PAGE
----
From my experience of living with schizophrenia as well as lots more gained from attending support groups for parents who have children suffering from a mental illness, I know that it does not only affect the person with the diagnosis of schizophrenia. Mental illness not only affects the whole family. It makes life as we knew it before the diagnosis virtually impossible for everybody. Siblings have a very hard time, especially if they are unable to speak out about it to friends due to the stigma.
When David was released from the military, he was healthy physically, but mentally, the only way I can describe him was missing in action.
When an orderly in the psychiatric hospital asked our son, my late husband and I to follow him, we did. And how did I feel? Like a lamb being led to the slaughter when we were about to check our son into the closed ward. When we reached a solid door, the orderly pressed a buzzer and the door swung open. I whispered; Open Sesame. The beautiful summer’s day split into two. Outside it was bright and sunny, inside, another world. David looked around and said; “My only real friend is my dog Blackie. I am going to miss her.”
The orderly took us to a ward and handed David a pair of pajamas even though they were far too short. It appears that pajamas are either too long or too short but nothing fitted our 6 foot tall son. When it was time to leave him there and return home, his absence gnawed at me like a mouse working its way through a length of flex, yet at the same time, I was relieved that he was no longer at home, even if only for a while. He needed all the help he could get. The rest of us needed some peace.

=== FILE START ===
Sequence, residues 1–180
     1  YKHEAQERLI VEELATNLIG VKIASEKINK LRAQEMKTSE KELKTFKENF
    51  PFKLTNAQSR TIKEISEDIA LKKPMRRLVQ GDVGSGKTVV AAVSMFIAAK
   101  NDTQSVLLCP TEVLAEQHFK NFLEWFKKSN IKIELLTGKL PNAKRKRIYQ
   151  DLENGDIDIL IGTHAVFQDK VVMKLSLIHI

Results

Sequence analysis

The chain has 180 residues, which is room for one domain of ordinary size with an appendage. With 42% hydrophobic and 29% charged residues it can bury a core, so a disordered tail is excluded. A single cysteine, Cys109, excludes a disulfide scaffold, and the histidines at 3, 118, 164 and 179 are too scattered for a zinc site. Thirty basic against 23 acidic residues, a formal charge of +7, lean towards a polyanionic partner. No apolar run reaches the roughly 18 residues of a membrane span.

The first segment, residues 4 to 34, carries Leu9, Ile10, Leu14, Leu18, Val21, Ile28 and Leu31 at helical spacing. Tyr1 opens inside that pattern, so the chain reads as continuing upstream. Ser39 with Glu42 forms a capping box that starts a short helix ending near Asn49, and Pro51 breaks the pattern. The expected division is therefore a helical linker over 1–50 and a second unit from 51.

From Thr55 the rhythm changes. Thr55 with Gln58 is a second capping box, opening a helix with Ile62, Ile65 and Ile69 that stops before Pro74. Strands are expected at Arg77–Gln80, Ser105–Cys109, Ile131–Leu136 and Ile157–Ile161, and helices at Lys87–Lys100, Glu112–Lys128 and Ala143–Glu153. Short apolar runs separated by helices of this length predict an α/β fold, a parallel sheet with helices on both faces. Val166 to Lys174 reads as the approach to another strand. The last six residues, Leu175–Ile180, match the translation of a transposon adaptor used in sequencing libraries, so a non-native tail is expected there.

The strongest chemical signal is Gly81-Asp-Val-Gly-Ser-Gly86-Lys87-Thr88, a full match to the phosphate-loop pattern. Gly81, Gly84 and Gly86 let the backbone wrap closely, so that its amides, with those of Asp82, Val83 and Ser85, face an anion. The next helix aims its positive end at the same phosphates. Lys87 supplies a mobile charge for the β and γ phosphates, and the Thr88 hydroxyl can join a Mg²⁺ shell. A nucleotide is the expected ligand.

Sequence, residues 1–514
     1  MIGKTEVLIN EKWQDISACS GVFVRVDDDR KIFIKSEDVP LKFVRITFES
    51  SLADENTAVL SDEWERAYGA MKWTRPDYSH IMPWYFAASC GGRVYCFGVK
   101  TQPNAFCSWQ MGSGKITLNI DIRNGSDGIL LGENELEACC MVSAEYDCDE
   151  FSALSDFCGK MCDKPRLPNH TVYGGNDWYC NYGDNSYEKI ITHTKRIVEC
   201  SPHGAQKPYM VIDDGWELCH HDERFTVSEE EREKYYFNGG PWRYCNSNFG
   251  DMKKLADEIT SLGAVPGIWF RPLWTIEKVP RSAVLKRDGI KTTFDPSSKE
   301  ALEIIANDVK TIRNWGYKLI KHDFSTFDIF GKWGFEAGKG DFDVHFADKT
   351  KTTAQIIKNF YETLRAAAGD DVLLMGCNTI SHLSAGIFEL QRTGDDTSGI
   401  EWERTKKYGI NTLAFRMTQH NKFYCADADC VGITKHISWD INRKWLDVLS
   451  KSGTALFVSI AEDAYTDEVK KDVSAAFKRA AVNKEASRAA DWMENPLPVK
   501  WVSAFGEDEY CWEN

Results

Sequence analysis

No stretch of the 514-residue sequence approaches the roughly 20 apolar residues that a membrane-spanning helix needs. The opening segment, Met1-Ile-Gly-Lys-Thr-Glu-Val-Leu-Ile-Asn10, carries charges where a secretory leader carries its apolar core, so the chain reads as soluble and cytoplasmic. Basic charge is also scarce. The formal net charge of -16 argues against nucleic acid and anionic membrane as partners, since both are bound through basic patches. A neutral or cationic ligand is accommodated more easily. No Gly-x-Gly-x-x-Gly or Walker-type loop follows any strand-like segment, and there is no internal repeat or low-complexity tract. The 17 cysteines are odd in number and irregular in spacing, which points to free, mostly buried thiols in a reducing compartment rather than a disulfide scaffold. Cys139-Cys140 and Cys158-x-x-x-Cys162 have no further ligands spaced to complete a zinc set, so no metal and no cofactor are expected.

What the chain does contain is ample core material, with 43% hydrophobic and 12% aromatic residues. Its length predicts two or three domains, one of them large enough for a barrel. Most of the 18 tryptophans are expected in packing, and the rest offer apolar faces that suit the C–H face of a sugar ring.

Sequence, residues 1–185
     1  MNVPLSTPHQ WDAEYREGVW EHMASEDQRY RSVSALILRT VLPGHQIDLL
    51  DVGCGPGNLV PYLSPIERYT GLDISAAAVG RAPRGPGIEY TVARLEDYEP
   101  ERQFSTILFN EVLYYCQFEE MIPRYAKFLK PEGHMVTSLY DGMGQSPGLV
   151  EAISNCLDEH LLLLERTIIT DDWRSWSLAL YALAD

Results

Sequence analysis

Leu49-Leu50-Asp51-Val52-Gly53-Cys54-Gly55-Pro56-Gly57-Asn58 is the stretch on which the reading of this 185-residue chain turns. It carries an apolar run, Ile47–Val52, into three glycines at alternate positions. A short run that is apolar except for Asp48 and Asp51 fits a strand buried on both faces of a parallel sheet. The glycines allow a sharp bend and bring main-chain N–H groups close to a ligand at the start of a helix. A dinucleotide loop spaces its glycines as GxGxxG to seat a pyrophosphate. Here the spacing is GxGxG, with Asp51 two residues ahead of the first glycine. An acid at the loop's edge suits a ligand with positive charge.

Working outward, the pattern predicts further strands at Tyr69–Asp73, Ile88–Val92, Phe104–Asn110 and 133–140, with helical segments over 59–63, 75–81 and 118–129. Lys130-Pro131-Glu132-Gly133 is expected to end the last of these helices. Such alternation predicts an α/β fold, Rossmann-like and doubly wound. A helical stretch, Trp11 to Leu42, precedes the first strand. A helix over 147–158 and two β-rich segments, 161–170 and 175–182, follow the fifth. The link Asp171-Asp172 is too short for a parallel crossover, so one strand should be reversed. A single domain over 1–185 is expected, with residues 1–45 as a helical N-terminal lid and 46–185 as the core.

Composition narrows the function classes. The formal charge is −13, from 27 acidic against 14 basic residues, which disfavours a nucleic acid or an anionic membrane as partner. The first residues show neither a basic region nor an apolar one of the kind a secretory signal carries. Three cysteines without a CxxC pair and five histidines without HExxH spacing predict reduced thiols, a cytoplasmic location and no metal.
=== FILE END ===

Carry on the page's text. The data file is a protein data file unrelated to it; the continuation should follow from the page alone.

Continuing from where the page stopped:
My husband visited David every evening and I went mornings. On one occasion my son walked with me to the kitchen near to his ward and asked me to prepare a cup of mint tea for him. Then he said; “Please bring some mint for me from the garden when you next visit.”
“Of course I will, David.” Then he surprised me with: “Do you love me, Mom?”
“Of course I do darling. I love you very much”, I said hugging him.”I’ll always love you. But I thought you knew that. We’ve had great times together, haven’t we?” I asked, fighting for control, wanting to freeze that moment, to stuff it into a bottle and screw the lid tight to keep it for a future moment. Had something as mundane as a cup of mint tea brought that on?
“I love you too, Mom,” he said and I smiled through my tears. Oh how I wanted my healthy son back. How I wanted someone, somewhere to find a cure for schizophrenia; I dreamed that it would happen one day. I wrote emails to presidents and prime ministers wondering whether they would ever get to read them – or if their secretaries would dismiss and throw out my heart-rending pleas to allocate funds for yet more research into this subject…I am still waiting for a miracle to occur.